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Opinion Editorials

Brokerages of today don’t truly motivate or breed loyalty – why?



Tradition versus reality

For the past several years, the rise in the boutique brokerage has rapidly increased, putting traditional big name brokers at a disadvantage. In some states (like here in Texas), all it takes to be a broker is two years being licensed, as well as a few extra tests and dollars. Given modern technology, brokerages are no longer reliant exclusively upon expensive television and print campaigns, so operation costs are lower making it more realistic for a typical agent to open up shop. Reliance on the big broker has also seemingly declined as the web has given rise to a certain brand of “groupthink” if you will that leans toward individuality and disruption.

Mix all of these ingredients together and whether it’s good for the industry (or agents for that matter) or not, it is the new reality- the flexible, fast moving, adaptable boutique brokerages.

How big brokers are reacting

I would argue that despite rapid fire growth of boutique brokerages setting up shop across the nation, many big brokers are doing quite will with recruiting and retention. The agent-centric brokerages, despite their size, most closely match the mentality of the modern boutiques, and they offer agents a sense of security that boutique brokerages haven’t mastered yet.

The stale brokerages of the past are losing agents left and right because they can’t wrap their mind around how to motivate agents to produce and stay loyal. It’s not about offering kumbaya retreats or sexy offices, and it isn’t unique to the real estate industry. The human mind takes very little to produce high quality work and loyalty to an employer, and it’s not money or plush high rise offices.

Take ten minutes to watch the incredibly well produced video to see what I mean:

Can old school brokerages survive this storm?

Traditional brokerages that insist on motivating agents with camaraderie like saying the pledge of allegiance at dressy events or rewarding agents with silver pins, desk trophies and gift certificates will not survive. Traditional brokerages and boutique brokerages that insist on innovating by using the power of their agents’ minds will thrive. Those who value their agents and allow them autonomy, mastery and purpose (as the video above outlines) will not only thrive but will dominate.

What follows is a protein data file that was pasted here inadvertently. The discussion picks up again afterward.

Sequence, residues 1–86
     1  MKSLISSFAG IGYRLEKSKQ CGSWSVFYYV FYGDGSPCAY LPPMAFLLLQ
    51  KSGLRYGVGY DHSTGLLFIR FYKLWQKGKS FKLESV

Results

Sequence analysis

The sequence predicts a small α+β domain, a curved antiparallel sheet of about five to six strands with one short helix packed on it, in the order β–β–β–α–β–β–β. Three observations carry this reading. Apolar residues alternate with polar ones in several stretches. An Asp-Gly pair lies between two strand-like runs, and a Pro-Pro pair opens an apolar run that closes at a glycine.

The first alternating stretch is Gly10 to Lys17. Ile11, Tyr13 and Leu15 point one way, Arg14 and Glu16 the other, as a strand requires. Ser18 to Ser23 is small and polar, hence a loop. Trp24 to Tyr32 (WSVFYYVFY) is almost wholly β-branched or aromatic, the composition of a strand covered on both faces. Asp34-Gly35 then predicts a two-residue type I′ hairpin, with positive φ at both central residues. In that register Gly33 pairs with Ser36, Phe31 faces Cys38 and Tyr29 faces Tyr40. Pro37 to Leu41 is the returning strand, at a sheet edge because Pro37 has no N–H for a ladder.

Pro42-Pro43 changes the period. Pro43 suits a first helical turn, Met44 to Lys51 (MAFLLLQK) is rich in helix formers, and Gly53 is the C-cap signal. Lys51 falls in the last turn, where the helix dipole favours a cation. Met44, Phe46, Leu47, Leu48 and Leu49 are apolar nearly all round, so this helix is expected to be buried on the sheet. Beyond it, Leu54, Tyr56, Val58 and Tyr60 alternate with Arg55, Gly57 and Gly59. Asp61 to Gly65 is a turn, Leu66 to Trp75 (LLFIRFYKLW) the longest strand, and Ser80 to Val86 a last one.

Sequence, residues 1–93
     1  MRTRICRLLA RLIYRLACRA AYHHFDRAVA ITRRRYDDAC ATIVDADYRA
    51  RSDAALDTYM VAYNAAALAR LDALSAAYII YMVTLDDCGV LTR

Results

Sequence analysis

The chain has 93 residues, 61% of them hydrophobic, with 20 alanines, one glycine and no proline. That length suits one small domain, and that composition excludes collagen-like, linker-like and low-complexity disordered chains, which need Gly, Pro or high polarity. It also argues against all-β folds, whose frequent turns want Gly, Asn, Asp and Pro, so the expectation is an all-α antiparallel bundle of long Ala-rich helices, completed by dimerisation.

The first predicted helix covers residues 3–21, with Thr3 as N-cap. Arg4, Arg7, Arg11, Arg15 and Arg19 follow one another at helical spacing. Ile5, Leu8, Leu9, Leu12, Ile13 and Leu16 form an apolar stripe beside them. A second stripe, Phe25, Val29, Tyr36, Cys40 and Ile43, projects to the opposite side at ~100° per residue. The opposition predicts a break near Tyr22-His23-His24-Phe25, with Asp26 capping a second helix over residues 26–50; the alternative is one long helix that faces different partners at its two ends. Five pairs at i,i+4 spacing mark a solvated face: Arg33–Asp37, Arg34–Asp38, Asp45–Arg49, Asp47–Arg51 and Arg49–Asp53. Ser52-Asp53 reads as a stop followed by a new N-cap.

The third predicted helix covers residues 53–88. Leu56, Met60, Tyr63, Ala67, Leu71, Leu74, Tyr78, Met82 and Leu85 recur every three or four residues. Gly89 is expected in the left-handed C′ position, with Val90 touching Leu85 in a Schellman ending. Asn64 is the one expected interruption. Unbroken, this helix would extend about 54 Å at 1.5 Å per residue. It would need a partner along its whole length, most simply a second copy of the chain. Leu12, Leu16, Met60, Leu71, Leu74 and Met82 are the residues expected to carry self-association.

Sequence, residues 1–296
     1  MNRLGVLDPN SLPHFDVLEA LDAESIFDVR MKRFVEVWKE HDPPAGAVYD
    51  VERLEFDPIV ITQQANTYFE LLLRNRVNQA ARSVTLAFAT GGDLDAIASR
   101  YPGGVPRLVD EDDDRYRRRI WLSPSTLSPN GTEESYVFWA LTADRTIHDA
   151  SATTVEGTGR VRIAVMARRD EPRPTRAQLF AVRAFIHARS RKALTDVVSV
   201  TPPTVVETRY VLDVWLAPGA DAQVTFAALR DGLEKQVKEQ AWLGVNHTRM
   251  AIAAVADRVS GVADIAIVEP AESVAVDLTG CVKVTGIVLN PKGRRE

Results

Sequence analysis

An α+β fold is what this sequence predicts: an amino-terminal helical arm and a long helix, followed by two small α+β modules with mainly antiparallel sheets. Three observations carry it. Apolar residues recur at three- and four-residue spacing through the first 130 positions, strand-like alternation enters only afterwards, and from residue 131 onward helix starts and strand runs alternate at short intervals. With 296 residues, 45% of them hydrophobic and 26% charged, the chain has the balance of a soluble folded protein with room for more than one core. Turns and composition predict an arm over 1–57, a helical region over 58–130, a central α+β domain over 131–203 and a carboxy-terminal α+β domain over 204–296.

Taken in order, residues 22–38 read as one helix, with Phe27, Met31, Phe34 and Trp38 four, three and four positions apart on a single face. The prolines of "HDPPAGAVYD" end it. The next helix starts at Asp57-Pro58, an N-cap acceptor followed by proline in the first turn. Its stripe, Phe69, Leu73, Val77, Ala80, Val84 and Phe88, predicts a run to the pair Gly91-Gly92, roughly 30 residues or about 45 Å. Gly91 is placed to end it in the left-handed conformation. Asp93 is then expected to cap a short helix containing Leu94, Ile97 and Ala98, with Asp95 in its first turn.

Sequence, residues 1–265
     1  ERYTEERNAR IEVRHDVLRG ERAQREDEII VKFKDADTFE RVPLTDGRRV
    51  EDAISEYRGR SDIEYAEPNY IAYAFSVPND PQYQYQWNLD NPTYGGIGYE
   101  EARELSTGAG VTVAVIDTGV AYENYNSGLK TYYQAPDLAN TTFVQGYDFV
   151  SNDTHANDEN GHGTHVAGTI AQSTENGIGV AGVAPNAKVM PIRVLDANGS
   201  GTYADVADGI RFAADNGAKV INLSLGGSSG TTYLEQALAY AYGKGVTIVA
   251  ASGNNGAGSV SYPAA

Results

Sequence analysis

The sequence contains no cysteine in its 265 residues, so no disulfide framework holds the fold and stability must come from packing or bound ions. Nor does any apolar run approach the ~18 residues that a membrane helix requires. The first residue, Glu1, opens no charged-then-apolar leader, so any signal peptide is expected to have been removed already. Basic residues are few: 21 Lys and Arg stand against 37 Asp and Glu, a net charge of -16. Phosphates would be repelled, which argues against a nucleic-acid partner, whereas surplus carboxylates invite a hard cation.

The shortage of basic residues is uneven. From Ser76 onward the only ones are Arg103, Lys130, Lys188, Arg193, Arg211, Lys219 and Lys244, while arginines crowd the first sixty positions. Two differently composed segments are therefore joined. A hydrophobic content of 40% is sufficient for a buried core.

There are new brokerages that consider themselves progressive and when you ask them what makes them innovative or how they motivate their agents, and the answers are almost canned and sound exactly like the early days of the big brokers, “better splits,” “better education,” “better profit sharing,” “better technology” and the like are what boutique brokers claim their advantages are, but none of these things empower their agents by giving them (let’s say it all together now) mastery, autonomy or purpose.

Mastery, autonomy and purpose

Which brokerages opt for brainstorming sessions with the entire staff from the receptionist to the broker? Can you name a brokerage that behaves more like an open source society and less like a dog and pony show or a black tie banquet? Is there a brokerage that gives true ownership of the brand to the agents?

At this point, most people have already skimmed this article and will comment something about why they’re loyal to their broker and will miss the point completely (and I’ll act oh so surprised as I comment in return noting that “with all due respect, I think the article should be read in full as the point was missed”). And, at this point, most brokers are not reading, they’re simply formulating their response in comments that will read much like their website’s about page. They’ll say that they’re progressive or superior in every way and that their way of doing things is already motivational and their agents are loyal. I know thousands of agents across the nation and I guarantee you that no agent feels empowered with autonomy, mastery or purpose unless they do it themselves for themselves, but I postulate that the brokerage that finds the balance between these three (as outlined in the video) will be the dominant brokerage for decades to come, despite the model, split or technology preference.

Lani is the Chief Operating Officer at The American Genius - she has co-authored a book, co-founded BASHH and Austin Digital Jobs, and is a seasoned business writer and editorialist with a penchant for the irreverent.

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  1. Eric Hempler

    June 15, 2010 at 12:47 am

    I thought this was really interesting. I think to some degree I’m doing this by accident. I have a routine I follow Monday – Thursday and Friday I pretty much do what I want. Saturday and Sunday I might also work on something otherwise I go do something unrelated to work.